Parking Facilities: Policy

Parking lots serving shopping centers, office complexes, and industrial uses often contain an excessive number of parking spaces. Seldom used areas within parking lots represent an inefficient use of land and underused parking facilities create an unnecessary increase in impervious cover, resulting in additional stormwater runoff. The increase in impervious cover and runoff has the potential to limit groundwater recharge and increase downstream flooding. An overabundance of parking facilities can also result in unnecessary financial responsibilities associated with maintaining parking lot surfaces, landscaping and lighting.

In addition, roadways in Chester County are becoming more and more congested. The opportunities to relieve congestion through construction of new roads are very limited and costly. Travel demand management is a means to mitigate congestion by giving commuters opportunities to get to work by means other than driving alone in an automobile. One means by which this can be accomplished is through carpooling and the use of park and ride lots at key locations.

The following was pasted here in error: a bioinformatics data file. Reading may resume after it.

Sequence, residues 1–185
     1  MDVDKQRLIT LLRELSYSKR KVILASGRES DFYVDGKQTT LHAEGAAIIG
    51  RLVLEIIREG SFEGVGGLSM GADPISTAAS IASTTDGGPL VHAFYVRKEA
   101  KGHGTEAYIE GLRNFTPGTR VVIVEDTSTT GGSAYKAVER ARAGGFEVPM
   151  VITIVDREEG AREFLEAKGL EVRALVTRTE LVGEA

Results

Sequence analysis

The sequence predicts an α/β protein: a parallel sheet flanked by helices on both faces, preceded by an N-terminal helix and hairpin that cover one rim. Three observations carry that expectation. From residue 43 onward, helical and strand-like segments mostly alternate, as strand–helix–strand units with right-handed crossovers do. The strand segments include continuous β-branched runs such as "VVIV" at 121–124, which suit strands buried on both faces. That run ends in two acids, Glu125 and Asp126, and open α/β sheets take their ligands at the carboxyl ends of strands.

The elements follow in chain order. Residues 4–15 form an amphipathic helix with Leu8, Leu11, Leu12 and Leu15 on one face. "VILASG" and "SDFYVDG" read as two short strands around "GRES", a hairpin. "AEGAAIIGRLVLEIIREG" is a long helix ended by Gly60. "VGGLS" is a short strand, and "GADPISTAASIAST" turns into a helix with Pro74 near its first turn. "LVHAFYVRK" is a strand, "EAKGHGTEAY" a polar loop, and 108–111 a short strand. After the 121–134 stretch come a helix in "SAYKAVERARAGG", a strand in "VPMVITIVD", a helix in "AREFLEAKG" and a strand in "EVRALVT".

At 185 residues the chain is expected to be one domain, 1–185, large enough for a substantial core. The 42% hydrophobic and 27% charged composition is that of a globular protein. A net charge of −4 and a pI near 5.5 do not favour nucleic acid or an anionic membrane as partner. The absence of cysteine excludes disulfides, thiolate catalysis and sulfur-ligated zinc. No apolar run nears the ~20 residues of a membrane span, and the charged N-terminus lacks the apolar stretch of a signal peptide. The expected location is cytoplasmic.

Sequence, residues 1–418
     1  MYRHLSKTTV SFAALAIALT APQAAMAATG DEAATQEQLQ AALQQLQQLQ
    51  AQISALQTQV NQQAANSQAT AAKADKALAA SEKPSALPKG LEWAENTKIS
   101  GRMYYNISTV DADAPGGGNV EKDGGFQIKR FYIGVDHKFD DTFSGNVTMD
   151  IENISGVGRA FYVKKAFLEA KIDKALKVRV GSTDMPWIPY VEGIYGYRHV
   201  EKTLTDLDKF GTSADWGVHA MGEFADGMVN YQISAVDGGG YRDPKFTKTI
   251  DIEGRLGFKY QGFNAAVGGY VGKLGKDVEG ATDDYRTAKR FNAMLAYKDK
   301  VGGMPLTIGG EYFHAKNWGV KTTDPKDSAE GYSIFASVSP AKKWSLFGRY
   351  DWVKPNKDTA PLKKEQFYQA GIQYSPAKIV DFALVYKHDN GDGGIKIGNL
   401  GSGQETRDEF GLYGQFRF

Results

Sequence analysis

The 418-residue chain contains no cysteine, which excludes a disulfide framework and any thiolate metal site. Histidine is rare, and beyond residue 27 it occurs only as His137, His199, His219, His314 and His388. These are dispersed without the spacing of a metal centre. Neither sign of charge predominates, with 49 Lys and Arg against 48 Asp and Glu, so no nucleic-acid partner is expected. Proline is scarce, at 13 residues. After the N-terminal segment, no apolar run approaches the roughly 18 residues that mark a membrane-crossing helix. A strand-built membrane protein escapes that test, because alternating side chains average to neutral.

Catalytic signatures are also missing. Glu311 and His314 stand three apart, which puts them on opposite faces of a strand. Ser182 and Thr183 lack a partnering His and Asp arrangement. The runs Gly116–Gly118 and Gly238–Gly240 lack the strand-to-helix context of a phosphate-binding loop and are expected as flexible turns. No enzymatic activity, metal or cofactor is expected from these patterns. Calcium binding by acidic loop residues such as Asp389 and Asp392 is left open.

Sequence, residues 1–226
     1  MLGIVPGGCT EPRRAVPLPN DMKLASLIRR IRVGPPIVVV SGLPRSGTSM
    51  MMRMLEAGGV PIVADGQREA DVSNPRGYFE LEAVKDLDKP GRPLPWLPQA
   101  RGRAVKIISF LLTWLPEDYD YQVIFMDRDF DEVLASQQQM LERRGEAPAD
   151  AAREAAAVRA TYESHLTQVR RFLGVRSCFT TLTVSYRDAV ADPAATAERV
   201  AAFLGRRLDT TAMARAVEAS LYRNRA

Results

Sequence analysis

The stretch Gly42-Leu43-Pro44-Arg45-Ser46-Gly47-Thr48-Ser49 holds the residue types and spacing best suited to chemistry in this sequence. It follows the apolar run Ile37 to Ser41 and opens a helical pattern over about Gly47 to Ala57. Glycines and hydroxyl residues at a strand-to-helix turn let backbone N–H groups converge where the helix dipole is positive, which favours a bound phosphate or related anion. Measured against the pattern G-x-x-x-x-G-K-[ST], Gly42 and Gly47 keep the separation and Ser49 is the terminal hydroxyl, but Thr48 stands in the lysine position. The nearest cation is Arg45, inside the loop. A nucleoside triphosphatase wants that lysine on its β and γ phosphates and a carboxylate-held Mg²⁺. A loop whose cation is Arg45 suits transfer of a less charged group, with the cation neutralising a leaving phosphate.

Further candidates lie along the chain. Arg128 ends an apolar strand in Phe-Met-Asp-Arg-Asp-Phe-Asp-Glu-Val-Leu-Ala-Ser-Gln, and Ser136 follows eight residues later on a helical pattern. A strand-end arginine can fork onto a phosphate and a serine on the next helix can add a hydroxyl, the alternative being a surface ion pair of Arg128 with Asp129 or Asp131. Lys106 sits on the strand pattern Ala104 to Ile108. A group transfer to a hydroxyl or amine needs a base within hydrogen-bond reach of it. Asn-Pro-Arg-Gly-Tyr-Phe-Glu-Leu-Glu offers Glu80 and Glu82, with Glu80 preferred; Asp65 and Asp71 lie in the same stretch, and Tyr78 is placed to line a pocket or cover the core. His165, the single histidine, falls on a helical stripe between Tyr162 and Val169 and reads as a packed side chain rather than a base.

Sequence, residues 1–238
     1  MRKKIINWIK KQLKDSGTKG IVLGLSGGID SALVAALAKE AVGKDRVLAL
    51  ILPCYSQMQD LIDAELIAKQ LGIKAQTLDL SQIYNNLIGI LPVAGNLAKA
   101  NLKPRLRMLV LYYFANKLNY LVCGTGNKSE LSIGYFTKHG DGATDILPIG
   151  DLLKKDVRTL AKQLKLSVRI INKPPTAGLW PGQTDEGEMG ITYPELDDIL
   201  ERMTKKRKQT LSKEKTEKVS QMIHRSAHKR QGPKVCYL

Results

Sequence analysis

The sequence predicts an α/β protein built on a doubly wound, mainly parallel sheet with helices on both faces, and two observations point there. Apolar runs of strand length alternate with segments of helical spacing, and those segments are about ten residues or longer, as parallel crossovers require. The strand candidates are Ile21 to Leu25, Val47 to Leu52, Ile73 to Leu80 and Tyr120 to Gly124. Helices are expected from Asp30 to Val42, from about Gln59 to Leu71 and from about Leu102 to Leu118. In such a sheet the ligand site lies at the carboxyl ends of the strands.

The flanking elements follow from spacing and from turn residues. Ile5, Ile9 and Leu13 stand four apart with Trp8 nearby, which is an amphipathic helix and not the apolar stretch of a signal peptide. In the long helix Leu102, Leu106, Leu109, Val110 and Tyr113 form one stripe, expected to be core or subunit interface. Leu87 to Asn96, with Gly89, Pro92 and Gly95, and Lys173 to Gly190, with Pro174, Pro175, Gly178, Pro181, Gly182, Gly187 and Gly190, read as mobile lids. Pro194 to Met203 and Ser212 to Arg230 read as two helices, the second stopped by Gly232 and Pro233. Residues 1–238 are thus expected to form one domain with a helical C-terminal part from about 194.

This tool focuses on how a municipality may utilize and/or regulate parking facilities through parking management planning as well as the use and potential development of park and ride facilities to mitigate traffic congestion. The 'Parking Facilities: Design' tool focuses on the physical design attributes and improvements that communities should consider for the development of parking facilities.

Advantages

Parking management plans can provide the following benefits:

Park and ride lots can provide the following benefits:

Limitations

The following limitations are associated with parking management plans:

The following limitations are associated with park and ride lots: